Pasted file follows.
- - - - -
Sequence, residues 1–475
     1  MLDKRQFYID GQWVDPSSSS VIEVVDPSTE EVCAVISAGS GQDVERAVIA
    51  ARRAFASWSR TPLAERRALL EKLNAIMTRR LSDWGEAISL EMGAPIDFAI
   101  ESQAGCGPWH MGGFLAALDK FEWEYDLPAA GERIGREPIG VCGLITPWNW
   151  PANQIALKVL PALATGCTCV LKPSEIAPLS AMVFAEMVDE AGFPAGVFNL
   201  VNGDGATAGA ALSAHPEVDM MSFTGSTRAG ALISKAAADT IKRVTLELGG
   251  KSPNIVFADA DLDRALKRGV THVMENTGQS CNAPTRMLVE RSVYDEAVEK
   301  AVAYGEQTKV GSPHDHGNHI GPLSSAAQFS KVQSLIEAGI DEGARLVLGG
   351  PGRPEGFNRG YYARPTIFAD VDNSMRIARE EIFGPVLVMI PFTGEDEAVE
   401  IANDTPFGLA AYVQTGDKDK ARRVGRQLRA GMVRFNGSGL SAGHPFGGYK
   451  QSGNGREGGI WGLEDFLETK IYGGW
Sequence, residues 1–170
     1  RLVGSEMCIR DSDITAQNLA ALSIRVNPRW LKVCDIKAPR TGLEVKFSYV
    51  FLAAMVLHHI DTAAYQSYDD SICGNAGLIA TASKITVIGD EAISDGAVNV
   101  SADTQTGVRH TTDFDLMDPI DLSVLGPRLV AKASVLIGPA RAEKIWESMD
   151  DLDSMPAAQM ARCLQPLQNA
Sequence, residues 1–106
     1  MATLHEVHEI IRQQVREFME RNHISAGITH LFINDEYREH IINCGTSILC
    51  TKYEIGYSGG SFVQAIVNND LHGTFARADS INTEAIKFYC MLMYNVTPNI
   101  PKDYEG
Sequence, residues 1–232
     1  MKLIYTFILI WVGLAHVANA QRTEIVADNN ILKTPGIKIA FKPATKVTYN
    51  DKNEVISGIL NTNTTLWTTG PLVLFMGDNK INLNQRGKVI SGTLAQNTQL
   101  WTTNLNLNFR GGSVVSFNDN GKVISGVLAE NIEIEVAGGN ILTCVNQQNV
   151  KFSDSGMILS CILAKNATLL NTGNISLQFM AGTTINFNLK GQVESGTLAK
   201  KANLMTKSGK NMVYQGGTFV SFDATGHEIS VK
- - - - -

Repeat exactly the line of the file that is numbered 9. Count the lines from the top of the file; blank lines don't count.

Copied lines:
   351  PGRPEGFNRG YYARPTIFAD VDNSMRIARE EIFGPVLVMI PFTGEDEAVE